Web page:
Whatever the relative merits of these methods of keeping warm, the undisputed best way to beat the cold is to get out of it. The NHCHC report surveyed shelters across the country about their cold weather policies, looking into how and when they activate extra shelter or emergency measures. It found that many operated on temperature cutoffs, which NHCHC cautioned can lull providers into a false sense of security about the potential for cold weather injury above those cutoffs. It concluded by recommending that “an exemplary winter shelter would be open 24 hours each day between October 1 and April 30, regardless of temperature, as well as any other days during the year when the temperature falls below 40° F. It would also admit all homeless people, regardless of sobriety status or past bans, unless they are violent or causing an extreme disturbance.”
The King County Regional Homelessness Authority (KCRHA), which took over Seattle’s severe weather homelessness response at the start of the year, operates on a three-tier system. Notably, Seattle is the only city in the county in which it can activate additional shelter.
The first tier is activated when daily high temperatures are predicted to be below 45 degrees Fahrenheit for three consecutive days. That triggers increased outreach to area service providers and community groups. It also opens up emergency funds to those groups to give out cold weather gear.
The second tier triggers when daily high temperatures are predicted at or below 40 degrees Fahrenheit or daily lows are at or below 35 degrees Fahrenheit for three consecutive days. It can also trigger when snow or rain accumulation is greater than two inches three days in a row. This tier supplements existing measures with extra shelter space and extended hours, plus supplemental food delivery to shelters. During the last activation that included extra shelter, from Nov. 6 to 12, KCRHA provided an additional 215 beds between the Compass Housing Alliance’s Otto’s Place shelter, the Seattle Indian Center and a shelter in Seattle Center’s Exhibition Hall. The Exhibition Hall shelter was open to anyone 18 or older and allowed pets.
Tier three is activated when the daily high temperature or the daily low temperature is predicted at or below 35 degrees Fahrenheit or 30 degrees Fahrenheit for a single day, respectively, or when snow or rain accumulation is greater than four inches. At this level, the response includes some more proactive measures: KCRHA works with cities across the county to open even more shelter and sends out snow-ready vehicles with food. It also offers storage for belongings to encourage people to come inside and transportation for those that decide to.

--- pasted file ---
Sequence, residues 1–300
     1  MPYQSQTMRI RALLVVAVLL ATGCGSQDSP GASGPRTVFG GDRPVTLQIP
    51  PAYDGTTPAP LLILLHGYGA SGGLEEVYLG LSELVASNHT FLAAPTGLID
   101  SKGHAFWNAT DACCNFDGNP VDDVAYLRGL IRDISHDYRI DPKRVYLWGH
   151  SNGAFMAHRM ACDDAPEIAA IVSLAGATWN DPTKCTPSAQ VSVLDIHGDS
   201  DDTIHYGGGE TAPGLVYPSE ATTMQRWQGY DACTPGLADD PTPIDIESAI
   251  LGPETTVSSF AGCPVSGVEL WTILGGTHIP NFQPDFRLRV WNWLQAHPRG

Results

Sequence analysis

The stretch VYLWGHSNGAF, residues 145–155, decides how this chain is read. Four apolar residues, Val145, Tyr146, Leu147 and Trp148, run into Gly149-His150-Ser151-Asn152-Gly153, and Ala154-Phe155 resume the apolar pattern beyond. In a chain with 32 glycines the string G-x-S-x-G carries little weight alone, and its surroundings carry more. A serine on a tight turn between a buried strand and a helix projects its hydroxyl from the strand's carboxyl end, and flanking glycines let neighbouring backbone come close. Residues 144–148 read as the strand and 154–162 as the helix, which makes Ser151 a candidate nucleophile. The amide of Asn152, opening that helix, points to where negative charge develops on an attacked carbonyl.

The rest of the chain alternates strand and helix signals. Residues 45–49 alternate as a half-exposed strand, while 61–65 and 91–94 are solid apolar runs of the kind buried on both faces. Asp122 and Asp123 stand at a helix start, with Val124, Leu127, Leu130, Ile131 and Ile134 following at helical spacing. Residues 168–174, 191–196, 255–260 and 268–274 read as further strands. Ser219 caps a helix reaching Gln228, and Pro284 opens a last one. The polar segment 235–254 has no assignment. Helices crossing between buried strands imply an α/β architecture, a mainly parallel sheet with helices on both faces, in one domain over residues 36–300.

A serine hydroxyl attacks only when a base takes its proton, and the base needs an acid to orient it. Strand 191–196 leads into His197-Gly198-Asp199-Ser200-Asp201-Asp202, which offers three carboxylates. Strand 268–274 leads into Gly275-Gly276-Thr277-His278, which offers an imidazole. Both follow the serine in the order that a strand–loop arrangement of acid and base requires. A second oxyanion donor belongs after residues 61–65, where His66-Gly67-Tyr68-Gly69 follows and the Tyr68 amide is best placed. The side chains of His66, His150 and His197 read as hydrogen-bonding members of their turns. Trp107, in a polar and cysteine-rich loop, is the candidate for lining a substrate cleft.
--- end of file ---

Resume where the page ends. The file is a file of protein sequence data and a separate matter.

KCRHA’s cold weather flyers, which contain information about extra overnight shelter and places open to the public to get warm during the day, were ubiquitous at the U Heights event. KCRHA Director of Communications Anne Martens said the organization tries to push that information out to unhoused people where they’re at.
“We rely on outreach workers and service providers and provide them with flyers to hand out as they are making the rounds. We have a regular weekly meeting with outreach providers by geographic area and bring those groups together for special meetings if we expect to activate,” she said.
However, Tim and Sandra, a couple visiting the clothes drive from the nearby Tent City 3, said it isn’t always easy finding out where to access cold weather resources.
“No one’s coming out to tell [us]. Nobody knows. Nobody ever knows. They’re just, like, spur of the moment. This wasn’t advertised at all. Even in a tent city, it wasn’t advertised,” Tim said.
While there is a significant amount of extra shelter available for climate events in the region, the reality is many unhoused people won’t or can’t take advantage of it. Martens said that of the 60 extra beds made available at Otto’s Place from Nov. 6 to 12, only 35 or so were used.
That’s where informal mutual aid groups can make a huge difference. While a number of groups give out cold weather supplies — U Heights, Facing Homelessness, Youthcare and the Downtown Emergency Service Center, to name a few — this work doesn’t have to be done through a government-recognized organization. If you see someone suffering in the cold or have neighbors in tents or RVs, there’s a lot you can do.
For starters, hats are huge. People can lose up to 50 percent of their body heat from an uncovered head, per that same 2004 Boston HCH study. Socks are also vital, and, for people who have nowhere to dry off their damp socks, a new pair is often the only real solution. Gently used camping gear and tarps help a ton, but you might also consider giving out some DampRid to help fight condensation. Amazon even sells a number of cheap dehumidifier packs for tents.
Cardboard is also key, Adams said.
“You can’t lay on concrete; you’ll die. You’ll wake up dead,” she said.
So if you’re anticipating any large electronics purchases this holiday season, don’t stuff those boxes in the bin. In the spirit of “reduce, reuse, recycle,” give them to someone who needs a sleeping pad.
The bottom line is deaths and injuries due to the cold are inherently preventable. Even if we can’t get everyone inside, we have an abundance of technological solutions to hypothermia. We can prevent deaths and injuries due to cold. As Martens warned, we should be increasingly prepared to.
“As climate change heats up (pun intended) we’re going to see more and more extreme weather, and need to start thinking about it as a regular part of the landscape,” she said.
Read more of the Nov. 23-29, 2022 issue.